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Government Must Make High Animal Welfare Standards a Reality

21 August 2012

Government Urged To Make High Animal Welfare Standards a Reality

The review of the AWA is an opportunity for New Zealand to achieve the best animal welfare in the world, says leading animal advocacy group SAFE. The group says that, like the nation’s ‘100% Pure’ brand, the country’s reputation for high animal welfare standards is presently more aspiration than substance, as there are holes in the regulatory system, little enforcement and a serious lack of funding.

“All of these can be addressed as part this review and SAFE urges the public to have their say on the key animal welfare issues by making a submission during the review of the Animal Welfare Act,” says SAFE Executive director Hans Kriek.

As part of the review, SAFE is calling for the establishment of a Commissioner for Animals, a new office outside the Ministry for Primary Industries (MPI), which could independently represent animal welfare. “There is a clear conflict of interest within the MPI, whose goal is to increase agricultural profit, often at the expense of the animals it is supposed to be protecting,” says Mr Kriek.

“It’s akin to the fox being in charge of the hen house,” he points out. “Responsibility for animal welfare should be removed from the Ministry as a priority.”

“Animal welfare also needs to be backed up with proper funding. The use of animals generates over $21 billion for our economy each year yet the total devoted to animal protection is only $6 million, less than 003% of the income derived from animals, risking the integrity of the whole system. No matter what changes are made to the Act, you cannot expect results without financial support. Sixty million dollars was spent on high performance athletes in the Olympics, and that’s how we got our best-ever result,” says Mr Kriek.

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SAFE believes that the increasing use of factory farming practices, such as indoor cubicle farming for dairy cows and colony cages for egg production, makes a mockery of our animal welfare legislation and potentially damages our international reputation.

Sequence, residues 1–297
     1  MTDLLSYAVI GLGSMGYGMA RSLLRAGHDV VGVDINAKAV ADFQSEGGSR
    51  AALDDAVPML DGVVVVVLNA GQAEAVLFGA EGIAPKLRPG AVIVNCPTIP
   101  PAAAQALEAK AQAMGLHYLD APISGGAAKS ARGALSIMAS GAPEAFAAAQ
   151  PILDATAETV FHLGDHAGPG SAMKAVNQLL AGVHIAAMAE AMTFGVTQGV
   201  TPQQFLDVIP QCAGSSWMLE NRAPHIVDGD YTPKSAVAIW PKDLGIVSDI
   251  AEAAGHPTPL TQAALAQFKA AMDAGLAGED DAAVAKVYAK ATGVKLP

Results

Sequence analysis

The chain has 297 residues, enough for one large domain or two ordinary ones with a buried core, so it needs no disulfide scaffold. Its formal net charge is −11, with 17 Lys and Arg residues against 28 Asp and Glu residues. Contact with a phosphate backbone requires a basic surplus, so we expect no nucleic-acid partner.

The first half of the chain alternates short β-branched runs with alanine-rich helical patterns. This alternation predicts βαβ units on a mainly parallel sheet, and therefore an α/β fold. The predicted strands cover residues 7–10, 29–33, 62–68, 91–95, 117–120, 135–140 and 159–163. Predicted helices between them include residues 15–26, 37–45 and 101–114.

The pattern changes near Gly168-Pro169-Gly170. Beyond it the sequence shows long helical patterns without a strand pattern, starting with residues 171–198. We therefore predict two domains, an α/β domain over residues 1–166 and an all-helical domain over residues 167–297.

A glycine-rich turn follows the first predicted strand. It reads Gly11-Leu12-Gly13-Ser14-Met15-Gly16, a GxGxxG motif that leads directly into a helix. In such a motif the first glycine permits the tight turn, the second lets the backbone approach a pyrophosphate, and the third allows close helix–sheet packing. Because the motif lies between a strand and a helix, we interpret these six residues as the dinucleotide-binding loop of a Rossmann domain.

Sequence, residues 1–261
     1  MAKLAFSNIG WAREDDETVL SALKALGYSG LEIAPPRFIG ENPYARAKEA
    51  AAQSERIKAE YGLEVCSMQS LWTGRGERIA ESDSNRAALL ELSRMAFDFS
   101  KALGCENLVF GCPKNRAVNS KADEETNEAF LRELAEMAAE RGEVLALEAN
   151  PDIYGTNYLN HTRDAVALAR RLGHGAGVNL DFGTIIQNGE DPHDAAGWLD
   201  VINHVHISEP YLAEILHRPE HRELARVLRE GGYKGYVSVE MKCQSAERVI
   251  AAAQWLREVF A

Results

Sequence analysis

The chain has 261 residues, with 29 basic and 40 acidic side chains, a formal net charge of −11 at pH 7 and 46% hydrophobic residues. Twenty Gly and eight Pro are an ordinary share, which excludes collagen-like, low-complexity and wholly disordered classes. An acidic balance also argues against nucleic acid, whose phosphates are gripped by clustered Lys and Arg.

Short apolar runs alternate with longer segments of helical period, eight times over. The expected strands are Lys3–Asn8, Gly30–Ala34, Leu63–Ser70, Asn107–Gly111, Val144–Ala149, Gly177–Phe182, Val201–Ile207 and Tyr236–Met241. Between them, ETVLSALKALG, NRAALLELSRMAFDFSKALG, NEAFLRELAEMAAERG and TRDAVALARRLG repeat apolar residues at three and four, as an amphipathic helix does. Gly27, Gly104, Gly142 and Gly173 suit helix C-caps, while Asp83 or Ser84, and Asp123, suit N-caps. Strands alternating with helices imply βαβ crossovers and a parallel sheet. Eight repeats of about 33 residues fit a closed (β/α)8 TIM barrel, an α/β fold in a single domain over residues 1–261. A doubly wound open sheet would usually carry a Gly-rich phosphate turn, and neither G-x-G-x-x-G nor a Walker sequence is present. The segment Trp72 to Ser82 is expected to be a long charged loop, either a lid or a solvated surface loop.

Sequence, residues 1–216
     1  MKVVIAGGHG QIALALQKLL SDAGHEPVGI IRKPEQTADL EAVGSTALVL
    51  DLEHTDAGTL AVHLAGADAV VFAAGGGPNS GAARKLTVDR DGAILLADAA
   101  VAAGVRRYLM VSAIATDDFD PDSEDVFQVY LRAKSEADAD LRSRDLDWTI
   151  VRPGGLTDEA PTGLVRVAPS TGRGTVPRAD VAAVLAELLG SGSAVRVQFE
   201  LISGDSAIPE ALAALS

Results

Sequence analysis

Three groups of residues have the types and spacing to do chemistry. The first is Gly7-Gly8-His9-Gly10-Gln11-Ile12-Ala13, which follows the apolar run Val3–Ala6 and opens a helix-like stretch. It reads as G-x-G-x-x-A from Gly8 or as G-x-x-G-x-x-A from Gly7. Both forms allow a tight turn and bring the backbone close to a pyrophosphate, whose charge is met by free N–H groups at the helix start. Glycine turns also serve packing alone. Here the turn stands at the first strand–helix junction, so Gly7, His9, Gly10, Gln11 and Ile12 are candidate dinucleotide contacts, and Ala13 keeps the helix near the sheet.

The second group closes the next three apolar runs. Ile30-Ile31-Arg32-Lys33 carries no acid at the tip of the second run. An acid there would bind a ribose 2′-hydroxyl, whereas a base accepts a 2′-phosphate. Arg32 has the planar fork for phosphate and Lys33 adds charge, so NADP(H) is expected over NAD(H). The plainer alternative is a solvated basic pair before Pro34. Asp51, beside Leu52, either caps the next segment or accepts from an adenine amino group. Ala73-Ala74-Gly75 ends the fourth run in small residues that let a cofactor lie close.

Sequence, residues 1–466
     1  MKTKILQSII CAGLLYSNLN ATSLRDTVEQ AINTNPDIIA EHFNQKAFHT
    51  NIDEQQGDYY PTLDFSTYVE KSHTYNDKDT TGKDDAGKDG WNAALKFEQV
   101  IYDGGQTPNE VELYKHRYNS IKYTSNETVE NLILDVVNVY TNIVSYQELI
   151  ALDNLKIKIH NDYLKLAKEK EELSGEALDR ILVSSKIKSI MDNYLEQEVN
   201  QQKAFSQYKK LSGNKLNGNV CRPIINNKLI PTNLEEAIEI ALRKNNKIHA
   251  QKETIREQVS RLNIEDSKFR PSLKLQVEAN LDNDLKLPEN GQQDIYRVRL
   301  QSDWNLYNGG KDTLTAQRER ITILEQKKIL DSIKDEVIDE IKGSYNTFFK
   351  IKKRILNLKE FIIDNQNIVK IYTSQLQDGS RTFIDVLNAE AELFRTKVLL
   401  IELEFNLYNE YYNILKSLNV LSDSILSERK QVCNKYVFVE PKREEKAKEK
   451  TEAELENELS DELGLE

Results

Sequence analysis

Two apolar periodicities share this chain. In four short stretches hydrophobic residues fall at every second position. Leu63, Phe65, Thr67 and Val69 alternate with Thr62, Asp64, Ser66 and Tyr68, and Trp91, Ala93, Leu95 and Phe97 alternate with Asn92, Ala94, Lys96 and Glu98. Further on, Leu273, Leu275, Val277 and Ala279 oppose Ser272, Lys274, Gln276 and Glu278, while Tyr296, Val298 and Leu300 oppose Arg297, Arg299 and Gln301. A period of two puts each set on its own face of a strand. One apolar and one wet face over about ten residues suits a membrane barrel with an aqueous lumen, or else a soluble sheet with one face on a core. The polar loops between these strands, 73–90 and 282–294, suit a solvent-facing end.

SAFE has set out key steps for the country to become a world leader in animal welfare, including proper funding, enhanced regulation, proper sentencing and bans on certain unacceptable practices. “If the MPI followed these steps, New Zealand would truly be a world leader in animal welfare. We don’t want to be second, or one hundredth in the world, we want to be first,” says Mr Kriek.

It’s time for laws that work for animals and the Animal Welfare Act review provides New Zealand with an opportunity to match its aspirations,” says Mr Kriek.

Find out more about SAFE’s key recommendations, and make a submission:

Final date for submissions: 28 September 2012

SAFE’s recommendations for world-leading animal welfare:

1. Establish an independent Commission for Animals: a representative in government who can advocate on behalf of animals.

2. Empower the animal welfare committee: give the National Animal Welfare Advisory Committee (NAWAC) independence, more funds & powers, and full time and skilled staff.

3. Animal welfare is a high priority: give it proper, significant funding.

4. Enforce minimum standards: make the codes of welfare directly enforceable as regulations, to ensure breaches of standards can be prosecuted.

5. Close factory farming loopholes: invoke exemptions under 73(3) only in truly exceptional circumstances, and only for a phase-out period of no more than five years.

6. Real justice for animal cruelty: provide express guidelines and sentencing principles for judges on animal welfare cases.

7. Overhaul the ethics committees that oversee animal experimentation: give the National Animal Ethics Advisory Committee (NAEAC) independence, proper funding, mandatory criteria and accountability.

8. End cruel practices: ban mulesing, tail docking, induced moulting of poultry, dubbing of poultry, cow inductions, and the boiling alive of crabs, rock lobsters and crayfish.

9. Give meaningful protection for wild animals that are hunted: give wild animals the same legal protection as domestic or farmed animals.

10. Ensure live exports never resume: amend the Act to explicitly ban the live export of animals for slaughter.

11. Ensure no cosmetic testing on animals: amend the Act to explicitly ban the use of animals for cosmetic testing.

12. Keep exotic animals out of circuses: amend the Act to explicitly ban the use of animals in circuses.

13. Keep dolphins out of captivity – let’s make it law: amend the Act to explicitly ban the keeping of cetaceans in captivity.


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